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Tuned In: Kelley says cast change will reset 'The Practice'

Thursday, July 17, 2003

By Rob Owen, Post-Gazette TV Editor

HOLLYWOOD -- First, "The Practice" began to run out of creative juice. Then ABC moved it from its longtime Sunday night home to Monday, angering executive producer David E. Kelley and irritating fans. Multiple Monday night pre-emptions didn't help matters.

After the show's renewal was announced in May -- somewhat of a surprise, given ABC's lack of vocal support for the legal drama -- and the series regulars were paraded on stage in front of advertisers in New York, the cast was gutted.

Most significantly, Dylan McDermott, who starred in the series from its inception as Bobby Donnell, was shown the door. The cast changes resulted, mostly, from the slashing of the show's budget by almost half from $6.5 million per episode.

"Basically, I sat down and looked at where I thought the creative heart of this series would be in the future," Kelley said at a press conference Tuesday. "The decisions were all creatively driven, with the exception of Dylan's character. Dylan had such a deal in place that it was pretty much prohibitive to bring him back under our current fee structure."

Kelley said McDermott was most upset by the change, but that Kelley already had a contingency deal that if the license fee should change, McDermott would guest star in four episodes this season. A story for Bobby Donnell's return has not yet been developed. Actors Kelli Williams and Lisa Gay Hamilton may return to direct episodes, and Kelley said he'd welcome any of the departed cast -- including Lara Flynn Boyle and Marla Sokoloff -- to return as guest stars if story lines for their characters present themselves.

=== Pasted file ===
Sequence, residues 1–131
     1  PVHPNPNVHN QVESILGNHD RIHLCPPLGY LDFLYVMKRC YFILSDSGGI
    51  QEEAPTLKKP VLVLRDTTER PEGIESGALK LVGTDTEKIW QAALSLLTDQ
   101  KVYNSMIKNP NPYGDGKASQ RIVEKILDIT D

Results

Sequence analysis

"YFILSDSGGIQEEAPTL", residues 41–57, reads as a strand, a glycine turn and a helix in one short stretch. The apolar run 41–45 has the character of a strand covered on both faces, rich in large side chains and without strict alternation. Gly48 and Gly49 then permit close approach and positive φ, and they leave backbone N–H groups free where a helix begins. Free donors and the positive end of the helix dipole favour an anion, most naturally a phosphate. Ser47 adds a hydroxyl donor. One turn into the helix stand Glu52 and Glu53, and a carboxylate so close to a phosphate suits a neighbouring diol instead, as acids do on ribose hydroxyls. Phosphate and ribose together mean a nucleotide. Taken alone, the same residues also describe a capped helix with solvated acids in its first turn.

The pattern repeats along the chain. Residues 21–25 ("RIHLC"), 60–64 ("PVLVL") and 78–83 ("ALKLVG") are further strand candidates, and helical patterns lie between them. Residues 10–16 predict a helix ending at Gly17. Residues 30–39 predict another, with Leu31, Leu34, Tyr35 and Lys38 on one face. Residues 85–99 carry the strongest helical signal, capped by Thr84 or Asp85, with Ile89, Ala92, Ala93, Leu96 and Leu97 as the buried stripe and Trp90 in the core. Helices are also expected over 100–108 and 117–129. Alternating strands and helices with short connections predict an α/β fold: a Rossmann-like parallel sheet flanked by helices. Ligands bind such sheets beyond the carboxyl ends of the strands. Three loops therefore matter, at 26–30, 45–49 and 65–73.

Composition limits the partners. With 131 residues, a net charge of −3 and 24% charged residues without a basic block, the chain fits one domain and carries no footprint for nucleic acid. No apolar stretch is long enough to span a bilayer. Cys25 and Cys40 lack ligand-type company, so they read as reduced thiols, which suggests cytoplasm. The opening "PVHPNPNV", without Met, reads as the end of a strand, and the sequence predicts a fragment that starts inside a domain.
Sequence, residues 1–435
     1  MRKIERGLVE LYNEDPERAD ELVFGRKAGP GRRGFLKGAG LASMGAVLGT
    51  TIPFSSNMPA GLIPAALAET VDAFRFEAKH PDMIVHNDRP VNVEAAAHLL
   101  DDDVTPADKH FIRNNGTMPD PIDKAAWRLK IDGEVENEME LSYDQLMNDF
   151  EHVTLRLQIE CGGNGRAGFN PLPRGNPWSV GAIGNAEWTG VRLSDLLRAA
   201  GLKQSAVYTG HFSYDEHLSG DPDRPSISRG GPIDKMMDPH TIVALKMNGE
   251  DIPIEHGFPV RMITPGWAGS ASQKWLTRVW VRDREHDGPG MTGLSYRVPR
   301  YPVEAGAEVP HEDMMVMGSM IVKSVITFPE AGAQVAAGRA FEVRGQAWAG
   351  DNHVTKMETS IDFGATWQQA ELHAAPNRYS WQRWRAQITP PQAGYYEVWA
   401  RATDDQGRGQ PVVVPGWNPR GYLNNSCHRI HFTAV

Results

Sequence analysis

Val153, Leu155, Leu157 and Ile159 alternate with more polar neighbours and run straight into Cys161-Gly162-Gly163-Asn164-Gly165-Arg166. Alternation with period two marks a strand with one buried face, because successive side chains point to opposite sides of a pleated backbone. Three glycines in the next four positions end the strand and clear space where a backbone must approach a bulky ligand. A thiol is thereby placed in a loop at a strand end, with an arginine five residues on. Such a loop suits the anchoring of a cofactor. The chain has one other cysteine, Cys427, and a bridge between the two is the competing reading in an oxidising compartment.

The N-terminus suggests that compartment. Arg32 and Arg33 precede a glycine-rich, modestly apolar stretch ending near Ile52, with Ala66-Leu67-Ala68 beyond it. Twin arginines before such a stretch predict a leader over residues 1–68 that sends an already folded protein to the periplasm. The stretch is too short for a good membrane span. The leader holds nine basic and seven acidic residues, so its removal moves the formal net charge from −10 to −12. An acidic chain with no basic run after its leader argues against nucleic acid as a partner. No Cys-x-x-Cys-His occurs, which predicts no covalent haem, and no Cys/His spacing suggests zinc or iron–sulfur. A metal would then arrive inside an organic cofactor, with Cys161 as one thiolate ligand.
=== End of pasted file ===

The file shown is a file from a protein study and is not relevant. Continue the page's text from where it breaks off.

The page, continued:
Contacting the cast to tell them who would and would not return was the most difficult day of his professional career, "and that includes days getting calls where your show is canceled," Kelley said, sitting on a panel alongside returning stars Camryn Manheim, Steve Harris and Michael Badalucco. "This is the first time I've been together with this group since that day, and it felt like going to a family gathering where certain members of the family are not there."

Kelley and his cast said there's one upside to the changes: A rejuvenation of the creative juices. Most series see actors come and go through normal attrition, but that hasn't happened on "The Practice."

"To keep [a character] fresh, you have to have new characters in the mix," said Manheim. "My relationships with all the people in the firm have been the same for seven years, and to make that fresh is hard."

James Spader will join the cast playing Alan Shore, whom Kelley said is "ethically challenged in ways the others are not." Rhona Mitra will be introduced as Tara Wilson, a paralegal/office assistant. Kelley is close to finalizing a deal for Sharon Stone to join the cast for at least three episodes, but he would not divulge details of her character.

ABC Entertainment Television Group chairman Lloyd Braun acknowledged that ABC did harm to "The Practice" by moving it, though he wouldn't apologize for the time slot change. Nor should he. ABC had three new dramas and needed "The Practice" as an anchor. The network desperately needed to find a new hit, and giving "Dragnet" the 10 p.m. Sunday time slot was a good way to deploy the show. Yes, that move was at the expense of an audience favorite, but "The Practice" has been in decline -- creatively and ratings-wise -- and ABC had to begin planning for the future.